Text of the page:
Restoring the Two Mile Hut, Remarkables Conservation Area
by Ian Turnbull
Two Mile Hut in the Hector Mountains was built of local stone by John Cockburn, boundary keeper for the Kawarau Falls Run, about 1900. It was owned for many years by the Jardine family of Kawarau Falls, later to become Remarkables Station, and is mentioned in “Cap” Jardine’s book “Shadows on the Hill” (photo 1). Their mustering parties from the 1920’s to the 40’s have left a legacy on the rafters (photo 2).
Two Mile Hut was used for mustering until the 1960’s, when these high basins, now part of Loch Linnhe Station, were retired from grazing. The hut then fell into disuse and dilapidation, until stumbled upon in July 1977 by a party of back country skiers on a Gibbston to Garston traverse (photo 3). These skiers, led by Ian (Mo) Turnbull, repaired and weatherproofed the hut in 1978, with the cooperation of Murray Scott of Loch Linnhe Station (photo 4). They used it as a base for more than thirty years when skiing, climbing and geologising in the Hector Mountains and Remarkables (photo 5). The hut also had occasional visits by trampers, hunters and mountaineers.
An episode of vandalism by heli-skiers in the 1980’s saw the sleeping platform, mattresses, hut book and all the coal and firewood burned, so the hut became just a shell. A second round of repairs by Ian Turnbull and friends rectified this in 1990.
Following tenure review of Loch Linnhe Station, Two Mile Hut became part of the Remarkables Conservation Area. With the increase in back country ski touring and tramping the hut received more usage and DOC upgraded the old mattresses and added signage.
In 2013, Ian Turnbull and Jane Forsyth saw that it was suffering from weathering by sun, rain, snow, and the growing number of visitors. They began the process of applying for funding from the Outdoor Recreation Consortium to do more serious repairs in early 2015. Ensuing consultations with DOC included a site visit with DOC staff in May 2015, and subsequent approval from their archaeologist to undertake the work on this historic hut. Jim Croawell, DOC Queenstown’s historic ranger, threw his enthusiasm and experience in restoring old stone huts into the project. A Memorandum of Understanding with DOC was signed in September, and the ORC application for funding for helicopter support was approved in December 2015.
In early February 2016 a team of Jim Croawell, Stew Hardie (ex DOC, of Frankton), Alan Knowles (Wellington, ex Queenstown, and one of the 1970’s skiing party), and Jane Forsyth and Ian Turnbull of Lake Hawea flew into Two Mile Creek with tools and building materials. Jim and Stew removed the roof and lead-headed nails, spliced some of the old 4×1 purlins, lined and replaced the roof, and added flashings to the roof and around the chimney. They also replaced the old makeshift door installed in 1978 with a replica of the original, using the original hinges which had been carefully stashed behind the hut. Alan, Jane and Ian re-mortared the whole hut with a lime and local mud mixture brewed to Jim and Stew’s secret recipe, and dug a drainage ditch around the back (photos 6-14). A final brew in the fireplace celebrated the fact that the old Two Mile Hut should now last another hundred years.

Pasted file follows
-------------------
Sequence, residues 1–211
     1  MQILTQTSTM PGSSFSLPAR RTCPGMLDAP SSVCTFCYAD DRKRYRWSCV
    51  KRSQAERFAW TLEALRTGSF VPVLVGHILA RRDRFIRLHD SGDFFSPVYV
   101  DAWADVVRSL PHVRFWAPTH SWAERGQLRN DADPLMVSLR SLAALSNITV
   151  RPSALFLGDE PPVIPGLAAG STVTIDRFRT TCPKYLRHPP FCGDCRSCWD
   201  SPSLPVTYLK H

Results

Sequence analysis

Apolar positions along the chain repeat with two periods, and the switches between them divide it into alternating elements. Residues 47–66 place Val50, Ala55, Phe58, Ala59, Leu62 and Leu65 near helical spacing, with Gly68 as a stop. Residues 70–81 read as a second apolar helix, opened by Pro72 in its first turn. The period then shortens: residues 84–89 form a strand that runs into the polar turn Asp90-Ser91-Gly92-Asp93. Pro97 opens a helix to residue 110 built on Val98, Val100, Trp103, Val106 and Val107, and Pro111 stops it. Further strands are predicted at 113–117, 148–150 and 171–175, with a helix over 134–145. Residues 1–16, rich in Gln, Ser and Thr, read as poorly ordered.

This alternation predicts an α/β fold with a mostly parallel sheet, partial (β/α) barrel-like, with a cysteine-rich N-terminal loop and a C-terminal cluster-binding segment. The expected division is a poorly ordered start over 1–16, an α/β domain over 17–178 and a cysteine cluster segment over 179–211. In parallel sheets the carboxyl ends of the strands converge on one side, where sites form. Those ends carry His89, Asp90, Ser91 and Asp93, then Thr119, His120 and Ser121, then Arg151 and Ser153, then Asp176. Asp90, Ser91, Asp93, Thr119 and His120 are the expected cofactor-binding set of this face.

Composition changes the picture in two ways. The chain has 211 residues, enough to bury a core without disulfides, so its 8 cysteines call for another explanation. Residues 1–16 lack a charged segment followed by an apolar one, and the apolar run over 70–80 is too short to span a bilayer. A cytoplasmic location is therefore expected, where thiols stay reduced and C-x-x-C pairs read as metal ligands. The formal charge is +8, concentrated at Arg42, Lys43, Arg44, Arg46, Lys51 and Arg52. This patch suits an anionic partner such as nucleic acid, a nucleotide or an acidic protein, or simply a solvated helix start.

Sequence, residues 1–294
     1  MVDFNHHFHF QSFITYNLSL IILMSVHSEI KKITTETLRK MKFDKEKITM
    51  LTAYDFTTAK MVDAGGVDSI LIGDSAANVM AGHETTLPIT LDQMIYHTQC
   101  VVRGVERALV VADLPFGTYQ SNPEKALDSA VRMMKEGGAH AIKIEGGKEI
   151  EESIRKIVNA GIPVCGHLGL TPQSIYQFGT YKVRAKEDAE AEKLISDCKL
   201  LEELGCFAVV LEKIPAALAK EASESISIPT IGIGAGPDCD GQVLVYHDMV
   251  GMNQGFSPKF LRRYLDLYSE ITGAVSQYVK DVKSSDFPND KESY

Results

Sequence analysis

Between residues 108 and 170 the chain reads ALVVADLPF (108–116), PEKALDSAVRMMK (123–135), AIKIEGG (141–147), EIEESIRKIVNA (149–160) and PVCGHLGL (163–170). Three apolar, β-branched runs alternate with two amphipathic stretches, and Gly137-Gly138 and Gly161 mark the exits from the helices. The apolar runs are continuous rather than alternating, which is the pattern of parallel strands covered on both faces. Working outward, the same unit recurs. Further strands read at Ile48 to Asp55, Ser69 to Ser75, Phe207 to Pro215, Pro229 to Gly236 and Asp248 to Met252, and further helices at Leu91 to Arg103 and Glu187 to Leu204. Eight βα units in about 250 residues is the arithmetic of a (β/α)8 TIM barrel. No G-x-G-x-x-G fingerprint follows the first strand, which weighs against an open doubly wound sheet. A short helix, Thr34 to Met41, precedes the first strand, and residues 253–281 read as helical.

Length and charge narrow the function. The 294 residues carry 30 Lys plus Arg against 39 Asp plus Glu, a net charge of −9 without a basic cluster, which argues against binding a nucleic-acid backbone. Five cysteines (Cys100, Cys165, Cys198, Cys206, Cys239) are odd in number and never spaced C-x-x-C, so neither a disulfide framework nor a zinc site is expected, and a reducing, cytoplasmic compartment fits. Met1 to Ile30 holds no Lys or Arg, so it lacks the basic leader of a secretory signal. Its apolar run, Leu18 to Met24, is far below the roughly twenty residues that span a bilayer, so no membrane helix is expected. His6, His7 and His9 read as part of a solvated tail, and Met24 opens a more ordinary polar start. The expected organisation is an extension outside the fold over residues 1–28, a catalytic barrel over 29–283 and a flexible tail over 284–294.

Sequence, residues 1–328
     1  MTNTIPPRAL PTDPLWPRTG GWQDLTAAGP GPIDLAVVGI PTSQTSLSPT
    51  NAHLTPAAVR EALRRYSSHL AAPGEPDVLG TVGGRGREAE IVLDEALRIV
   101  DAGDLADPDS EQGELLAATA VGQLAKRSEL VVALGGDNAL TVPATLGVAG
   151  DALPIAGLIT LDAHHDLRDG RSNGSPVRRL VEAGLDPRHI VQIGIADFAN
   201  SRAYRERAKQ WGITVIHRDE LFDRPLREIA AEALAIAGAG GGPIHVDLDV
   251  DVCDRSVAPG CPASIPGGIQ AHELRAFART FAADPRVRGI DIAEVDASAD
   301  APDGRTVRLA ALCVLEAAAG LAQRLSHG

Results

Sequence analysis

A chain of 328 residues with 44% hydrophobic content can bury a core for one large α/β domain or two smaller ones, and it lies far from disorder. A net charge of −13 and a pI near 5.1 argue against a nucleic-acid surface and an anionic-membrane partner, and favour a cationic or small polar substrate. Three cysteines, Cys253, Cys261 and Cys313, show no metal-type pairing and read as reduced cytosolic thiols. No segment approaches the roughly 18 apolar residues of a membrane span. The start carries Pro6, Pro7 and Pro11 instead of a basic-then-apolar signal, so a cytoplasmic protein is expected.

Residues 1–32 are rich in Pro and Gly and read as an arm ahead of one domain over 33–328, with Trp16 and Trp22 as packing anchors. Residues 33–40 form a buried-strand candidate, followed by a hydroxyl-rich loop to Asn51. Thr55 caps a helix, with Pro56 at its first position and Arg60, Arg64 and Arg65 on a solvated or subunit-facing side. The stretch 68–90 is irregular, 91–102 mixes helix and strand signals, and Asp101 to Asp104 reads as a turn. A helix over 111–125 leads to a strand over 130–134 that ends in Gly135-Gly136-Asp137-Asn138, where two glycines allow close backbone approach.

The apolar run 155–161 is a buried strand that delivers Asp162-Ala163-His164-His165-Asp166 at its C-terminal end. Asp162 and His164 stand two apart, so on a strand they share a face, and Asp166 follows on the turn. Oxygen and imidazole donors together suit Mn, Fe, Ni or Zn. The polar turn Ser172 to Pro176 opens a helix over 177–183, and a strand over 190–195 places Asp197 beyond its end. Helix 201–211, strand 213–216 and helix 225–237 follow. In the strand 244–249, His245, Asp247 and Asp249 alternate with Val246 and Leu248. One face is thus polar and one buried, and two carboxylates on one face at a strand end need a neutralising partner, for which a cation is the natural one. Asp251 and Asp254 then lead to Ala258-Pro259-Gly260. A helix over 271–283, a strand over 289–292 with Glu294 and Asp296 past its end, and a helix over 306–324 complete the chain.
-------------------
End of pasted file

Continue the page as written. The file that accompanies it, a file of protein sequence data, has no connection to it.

Funds for helicopter support for the Two Mile Hut restoration came from the NZ Outdoor Recreation Consortium. In addition, the Department of Conservation, via Chris Hankin and Jim Croawell, provided transport, materials and tools, camping gear and food during the work in Two Mile Creek, and a great deal of Jim Croawell’s time; the project would never have succeeded without him and Stew Hardie.
*The Two Mile Hut is still small, dark, and dusty. It has two mattresses, but can sleep more. There is no easy access (see Moir’s Guide North). The best route is via “Skingut Pass” from the South Branch of Wye Creek. The area does have good campsites and reliable water. Access from SH6 requires prior permission from Loch Linnhe Station.
Photo 1: Two Mile Hut in the 1930’s (from Jardine, “Shadows on the Hill”)
Photo 2: “Dipping muster roll 1936” (Ian Turnbull foto)
Photo 3: Max Garden, Alan Knowles and Chris Jackson at the derelict hut, July 1977 (Ian Turnbull foto)
Photo 4: Max Garden, Dave Clough and Chris Jackson fixing the hut, September 1978 (Ian Turnbull foto)
Photo 5: Winter at the Two Mile Hut, September 1999 (Ian Turnbull foto)
Hut repairs, February 2016:
Photo 6: Ian Turnbull and Stew Hardie inside, before roof removed (Jane Forsyth foto)
Photo 7: Jim Croawell off for smoko: front roof removed (Ian Turnbull foto)
Photo 8: Stew Hardie fixing the purlins (Alan Knowles foto)
Photo 9: Rear roof partly repaired (Jane Forsyth foto)
Photo 10: Rear roof replaced (Jane Forsyth foto)
Photo 11: Alan Knowles mortaring (Ian Turnbull foto)
Photo 12: Jane Forsyth beside the new door; old door by chimney (Ian Turnbull foto)
Photo 13: South wall renewed (Ian Turnbull foto)
Photo 14: Two Mile Hut, Hector Mountains, good for another hundred years (Ian Turnbull foto)